What about the unreasonable effectiveness of mathematics?

I don’t know, but let me speculate wildly:

Consciousness is absolute. The mind houses perfect abstractions. The physical world cannot contain perfect abstractions because it is dependent upon observation, and for whatever reason, it is impossible for such abstractions to facilitate the interaction between observers. They contain infinities. A circle can be imagined at some distance, but the closer one gets, the more the curvature must adapt to accommodate the information that is requested (analogous, perhaps, to requesting more digits of Pi). Pi is an infinitely long number, and it cannot be imagined instantaneously in its entirety, since subjective experience seems to require (for reasons unknown) limitation.

What is death? What happens when I die?

One might imagine that people are like a vast array of windows looking out onto a scene from different perspectives. When a person is born, a window is opened. When a person dies, a window is closed. What you personally experience is really not known, of course. Notice, however, that when you wake up in the morning, you seem to appear out of absolutely nowhere.

The teleological view of death is that it generates a larger and more holistic spectrum of experience (childhood can only be experienced once by a person who lives and dies, perhaps).

Why are we all split up into so many separate minds? Are we unique beings, or a single consciousness?

If there is one consciousness (i.e. pantheism), perhaps separate minds are the best way for it to learn something about itself. If we are unique individuals, I have no clue. I have no clue either way, really.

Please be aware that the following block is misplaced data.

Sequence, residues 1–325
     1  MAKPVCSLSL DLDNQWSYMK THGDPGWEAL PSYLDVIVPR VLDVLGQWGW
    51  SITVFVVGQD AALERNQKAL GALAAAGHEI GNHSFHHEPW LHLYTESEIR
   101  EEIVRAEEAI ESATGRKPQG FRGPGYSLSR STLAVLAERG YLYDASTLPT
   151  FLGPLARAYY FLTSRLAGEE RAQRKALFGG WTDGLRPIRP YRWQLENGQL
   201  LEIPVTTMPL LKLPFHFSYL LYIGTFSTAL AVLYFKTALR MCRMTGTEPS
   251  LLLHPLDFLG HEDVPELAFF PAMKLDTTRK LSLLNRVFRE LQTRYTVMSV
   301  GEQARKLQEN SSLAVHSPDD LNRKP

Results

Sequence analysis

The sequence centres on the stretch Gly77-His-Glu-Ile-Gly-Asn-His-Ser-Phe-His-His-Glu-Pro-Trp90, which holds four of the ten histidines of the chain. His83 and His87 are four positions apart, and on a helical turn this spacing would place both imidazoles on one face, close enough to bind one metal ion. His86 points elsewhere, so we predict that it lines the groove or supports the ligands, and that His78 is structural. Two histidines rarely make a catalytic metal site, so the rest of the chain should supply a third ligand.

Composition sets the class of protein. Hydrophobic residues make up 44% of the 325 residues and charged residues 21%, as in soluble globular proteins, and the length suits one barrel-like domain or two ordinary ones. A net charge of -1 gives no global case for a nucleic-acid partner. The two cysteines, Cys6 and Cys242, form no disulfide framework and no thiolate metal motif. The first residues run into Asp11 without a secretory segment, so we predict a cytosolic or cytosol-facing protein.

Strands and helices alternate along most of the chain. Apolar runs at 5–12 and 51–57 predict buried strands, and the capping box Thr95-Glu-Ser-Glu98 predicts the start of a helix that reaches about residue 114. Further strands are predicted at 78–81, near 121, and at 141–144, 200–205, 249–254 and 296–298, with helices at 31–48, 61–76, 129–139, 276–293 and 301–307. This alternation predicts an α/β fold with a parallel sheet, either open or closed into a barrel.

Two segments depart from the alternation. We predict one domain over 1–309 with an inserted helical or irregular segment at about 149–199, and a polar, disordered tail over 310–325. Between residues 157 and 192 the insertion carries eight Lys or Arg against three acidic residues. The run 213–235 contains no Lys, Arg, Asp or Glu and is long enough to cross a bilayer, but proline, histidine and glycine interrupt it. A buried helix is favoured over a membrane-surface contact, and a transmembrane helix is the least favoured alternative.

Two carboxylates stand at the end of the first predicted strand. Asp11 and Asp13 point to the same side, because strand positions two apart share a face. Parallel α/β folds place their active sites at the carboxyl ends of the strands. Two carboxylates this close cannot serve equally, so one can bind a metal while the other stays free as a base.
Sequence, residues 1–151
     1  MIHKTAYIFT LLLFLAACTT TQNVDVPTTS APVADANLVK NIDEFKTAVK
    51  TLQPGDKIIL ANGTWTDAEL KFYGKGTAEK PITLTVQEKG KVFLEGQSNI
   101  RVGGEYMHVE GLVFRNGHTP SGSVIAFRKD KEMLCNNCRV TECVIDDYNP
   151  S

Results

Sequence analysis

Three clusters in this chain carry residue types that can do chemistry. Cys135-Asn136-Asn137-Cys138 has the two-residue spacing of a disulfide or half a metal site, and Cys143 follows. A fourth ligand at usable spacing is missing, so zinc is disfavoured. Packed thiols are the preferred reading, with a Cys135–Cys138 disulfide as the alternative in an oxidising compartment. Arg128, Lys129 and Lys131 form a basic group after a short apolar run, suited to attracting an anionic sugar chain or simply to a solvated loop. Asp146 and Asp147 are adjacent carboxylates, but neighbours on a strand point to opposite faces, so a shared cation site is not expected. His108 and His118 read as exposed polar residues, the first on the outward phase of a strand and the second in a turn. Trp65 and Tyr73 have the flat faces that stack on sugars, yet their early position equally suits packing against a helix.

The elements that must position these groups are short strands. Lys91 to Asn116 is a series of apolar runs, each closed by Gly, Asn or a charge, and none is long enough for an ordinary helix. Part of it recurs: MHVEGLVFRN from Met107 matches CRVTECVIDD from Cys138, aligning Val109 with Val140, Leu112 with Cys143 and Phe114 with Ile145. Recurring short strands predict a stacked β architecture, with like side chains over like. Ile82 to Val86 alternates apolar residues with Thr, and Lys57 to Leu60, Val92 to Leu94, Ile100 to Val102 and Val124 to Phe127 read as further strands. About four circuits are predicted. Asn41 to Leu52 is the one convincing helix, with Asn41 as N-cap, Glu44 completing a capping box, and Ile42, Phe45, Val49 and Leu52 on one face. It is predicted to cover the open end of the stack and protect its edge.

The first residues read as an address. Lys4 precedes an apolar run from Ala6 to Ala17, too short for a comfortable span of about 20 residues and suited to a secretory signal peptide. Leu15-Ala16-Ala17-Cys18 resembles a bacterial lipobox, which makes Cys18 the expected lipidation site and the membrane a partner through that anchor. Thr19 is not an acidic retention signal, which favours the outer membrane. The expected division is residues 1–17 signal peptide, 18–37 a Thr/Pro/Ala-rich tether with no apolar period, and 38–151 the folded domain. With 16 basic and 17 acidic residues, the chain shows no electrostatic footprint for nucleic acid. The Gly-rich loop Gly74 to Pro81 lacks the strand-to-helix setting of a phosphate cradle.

What about rational thought?

On materialism, rational thought becomes very difficult to explain, because every one of our thoughts (even this thought about rational thought) is enslaved by the causes that generated the thoughts. These causes have no more reason to result in a “right” answer than a “wrong” answer, since they are blind causes determined by arbitrary physical laws. There is no reason why they should not be hopelessly and irreparably deceived. On monistic idealism, rational thought is the ability of consciousness to manipulate and apprehend the reality that it creates, because it transcends and supersedes this reality.

What should people do with their lives?

Let me speculate based on the assumption that there is a purpose to the universe:

People engage in isolated and communal activities. Some of the isolated activities (science, knowledge, technology) advance the evolving universe towards something, like turning the pages of a story. The communal activities fill the pages of the story. The rest of the stuff that happens in between is largely bad, it seems, and the purpose of it is unknown to the individuals. It is possible that there is nothing specific that you are supposed to do with your life–that you can be aware of, at least. But you did not choose to exist. You are being forced to exist, and whatever mysterious and twisting nether is forcing you to exist is achieving its goal perfectly. You are meeting its needs. Be happy that you’re meeting its needs.

Does anyone else believe this?

Some very intelligent people, such as Christopher Langan, reach a similar type of conclusion. Langan is quoted as saying that “you cannot describe the universe completely with any accuracy unless you’re willing to admit that it’s both physical and mental in nature.” I think Langan is noteworthy because he is very smart, but he was also never poisoned by any academic biases of the day, and hence he does not feel pressure to deny the mental nature of the universe, or the possibility that it has a purpose.

*          *          *

Now back to our regularly scheduled programming.

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25 Responses to “On Monistic Idealism and the Primacy of the Mind”

  1. If you were likewise dressed in a suit and forced to demonstrate the hypothesis(That it’s consciousness all the way down? I’m not exactly certain what’s being proposed.), how would you do it?